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The Suggestibility of Children's Recollections by John Doris Hardcover Book

The Suggestibility of Children's Recollections by John Doris Hardcover Book

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Leading psychologists in the field address issues relevant to the reliability of children's testimony. Increasing concern over the investigation and adjudication of child sexual abuse cases has brought about questions: How good is the memory of children for eyewitnessed or experienced events? How does the child's memory function change with age? How is a child's recall of events best facilitated and least contaminated?

This comprehensive volume juxtaposes differing views and frames the debate in the broader context of child development and cognitive science.




Some Overarching Issues in the Children's Suggestibility Debate
—Stephen J. Ceci

Children's Memory for Witnessed Events: The Developmental Backdrop
—Charles Brainerd and Peter A. Ornstein

Commentary: A Grand Memory for Forgetting
—Rhona Flin

Commentary: Development of Event Memories or Event Reports?
—Amye Warren-Leubecker

Preschool Children's Susceptibility to Memory Impairment
—Maria S. Zaragoza

Commentary: Memory Impairment—It Is More Common Than You Think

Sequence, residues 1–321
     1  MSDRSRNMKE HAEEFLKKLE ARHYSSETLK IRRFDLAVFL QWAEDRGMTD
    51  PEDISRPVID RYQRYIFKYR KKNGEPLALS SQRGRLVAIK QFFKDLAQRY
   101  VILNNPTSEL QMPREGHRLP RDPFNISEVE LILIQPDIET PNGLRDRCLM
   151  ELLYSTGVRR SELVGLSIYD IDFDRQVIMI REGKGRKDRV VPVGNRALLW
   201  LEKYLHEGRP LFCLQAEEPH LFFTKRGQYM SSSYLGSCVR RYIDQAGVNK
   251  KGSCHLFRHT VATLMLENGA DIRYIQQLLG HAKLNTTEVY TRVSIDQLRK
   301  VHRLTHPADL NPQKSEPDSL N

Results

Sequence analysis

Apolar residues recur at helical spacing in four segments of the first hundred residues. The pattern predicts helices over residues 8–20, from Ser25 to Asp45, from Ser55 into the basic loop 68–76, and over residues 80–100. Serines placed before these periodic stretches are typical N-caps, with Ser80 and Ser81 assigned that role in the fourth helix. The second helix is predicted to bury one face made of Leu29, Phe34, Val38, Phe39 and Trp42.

—Michael P. Toglia

An Interactive Approach to Assessing the Suggestibility and Testimony of Eyewitnesses
—Marc Lindberg

Commentary: When Words Speak Louder Than Actions
—Elizabeth F. Loftus

The Influence of Stress and Arousal on the Child Witness
—Douglas P. Peters

Commentary: On Stress and Accuracy in Research on Children's Testimony
—Gail S. Goodman

Commentary: The Influence of Stress and Arousal on the Child Witness
—Amye Warren-Leubecker

Commentary: Response to Goodman
—Douglas P. Peters

Suggestibility in Children's Testimony: Implications for Sexual Abuse Investigations
—Gail S. Goodman and Alison Clarke-Stewart

Commentary: Rehabilitation of the Child Witness
—Max Steller

Commentary: Issues in the Empirical Study of the Sexual Abuse of Children
—John C. Brigham

Commentary: Sexual Abuse and Suggestibility
—Lucy S. McGough

Concerns About the Application of Research Findings: The Issue of Ecological Validity
—John C. Yuille and Gary L. Wells

Commentary: Research Findings—What Do They Mean?
—Elizabeth F. Loftus and Stephen J. Ceci

Commentary: The Issue of Relevance
—Ray Bull

Experimental Studies of Interviewing Child Witnesses
—Helen R. Dent

Commentary: Putting Interviewing in Context
—Peter A. Ornstein

Assessment of Children's Statements of Sexual Abuse
—David C. Raskin and Phillip W. Esplin

Commentary: Assessing the Credibility of Witnesses' Statements
—Lucy S. McGough

Commentary: Is This Child Fabricating? Reactions to a New Assessment Technique
—Gary L. Wells and Elizabeth F. Loftus

Commentary: Response to Wells, Loftus, and McGough
—David C. Raskin and Phillip W. Esplin

Concluding Comments
—Graham Davies
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